Dan Bawden: Well the CAPS designation stands for Certified Aging in Place Specialist. This is an exciting new designation put on by the National Association of Homebuilders.

What it’s about is training contractors and builders to modify and build home so people can remain in them as they get older without having to move out to nursing homes or assisted living.

Danny Lipford: That’s something that a lot of people are facing these days, unfortunately and I know that one of your jobs really is to look at the obstacles and figure out ways around it. And I can see right here already a obstacle that you have to deal with in order to get a wheelchair in this home.

Dan Bawden: Absolutely right. You can see that there’s—let me open the door here—there’s a step up here and actually two or three obstacles right in one close area here.

But we’ll be building a ramp that goes from the top of this threshold on out over the sidewalk, a nice gradual ramp, with a non slip surface that can be removed later. That if the next homeowner doesn’t need to have that ramp there, so we try to build these features in where they are useful for the current occupant but can be taken away later if need be.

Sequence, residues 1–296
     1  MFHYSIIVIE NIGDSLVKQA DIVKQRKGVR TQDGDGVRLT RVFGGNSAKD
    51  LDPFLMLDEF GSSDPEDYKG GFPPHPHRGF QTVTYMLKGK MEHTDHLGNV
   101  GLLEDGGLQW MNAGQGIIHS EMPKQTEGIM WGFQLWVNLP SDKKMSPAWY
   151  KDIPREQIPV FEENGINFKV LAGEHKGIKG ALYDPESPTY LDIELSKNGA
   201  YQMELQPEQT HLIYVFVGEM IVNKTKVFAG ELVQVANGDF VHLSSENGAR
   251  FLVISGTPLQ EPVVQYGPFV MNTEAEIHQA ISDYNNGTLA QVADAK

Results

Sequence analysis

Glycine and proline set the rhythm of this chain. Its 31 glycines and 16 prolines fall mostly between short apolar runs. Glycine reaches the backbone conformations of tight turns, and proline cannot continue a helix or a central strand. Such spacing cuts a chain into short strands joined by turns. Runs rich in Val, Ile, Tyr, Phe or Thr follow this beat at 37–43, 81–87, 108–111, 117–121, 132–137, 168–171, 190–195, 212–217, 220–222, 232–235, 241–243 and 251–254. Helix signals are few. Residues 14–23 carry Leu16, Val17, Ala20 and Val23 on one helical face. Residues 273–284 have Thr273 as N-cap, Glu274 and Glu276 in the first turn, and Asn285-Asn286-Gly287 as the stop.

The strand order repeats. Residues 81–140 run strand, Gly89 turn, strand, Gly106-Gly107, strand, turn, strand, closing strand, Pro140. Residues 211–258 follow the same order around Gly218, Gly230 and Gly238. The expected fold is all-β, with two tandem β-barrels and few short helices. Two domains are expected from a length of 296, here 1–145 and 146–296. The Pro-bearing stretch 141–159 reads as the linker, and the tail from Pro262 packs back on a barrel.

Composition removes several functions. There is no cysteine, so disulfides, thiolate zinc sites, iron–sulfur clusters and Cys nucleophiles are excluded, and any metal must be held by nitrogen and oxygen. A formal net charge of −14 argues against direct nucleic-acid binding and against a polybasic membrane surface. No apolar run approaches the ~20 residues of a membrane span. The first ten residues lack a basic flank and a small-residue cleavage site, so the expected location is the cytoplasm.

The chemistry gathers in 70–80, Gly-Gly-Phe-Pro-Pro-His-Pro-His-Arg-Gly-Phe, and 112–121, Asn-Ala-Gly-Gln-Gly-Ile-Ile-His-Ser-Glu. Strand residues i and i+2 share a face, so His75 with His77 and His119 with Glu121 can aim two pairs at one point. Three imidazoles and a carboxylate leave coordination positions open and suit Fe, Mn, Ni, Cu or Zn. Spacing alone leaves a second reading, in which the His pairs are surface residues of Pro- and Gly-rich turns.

Danny Lipford: That makes sense, now what about the threshold, how will you handle that?

Dan Bawden: We’ve got a plan for that, let me show you. Take a look at this threshold right here, you’ll notice that it sticks up almost an inch and this is a very common type of threshold that people have in their homes. This is going away completely so the wheelchair can roll right over this smoothly.

You may be asking what we put in its place. Well underneath the door here and the existing front door, we’re going to put a device that actually springs down and the threshold comes from inside the door.

Danny Lipford: That way you can really always seal it off then, even without this.

Dan Bawden: Exactly. So all the weather and the bugs are kept outside but there’s a nice smooth surface here.

Danny Lipford: Oh that makes a lot of sense, that’ll make it a lot easier for that wheelchair but boy another obstacle there Dan.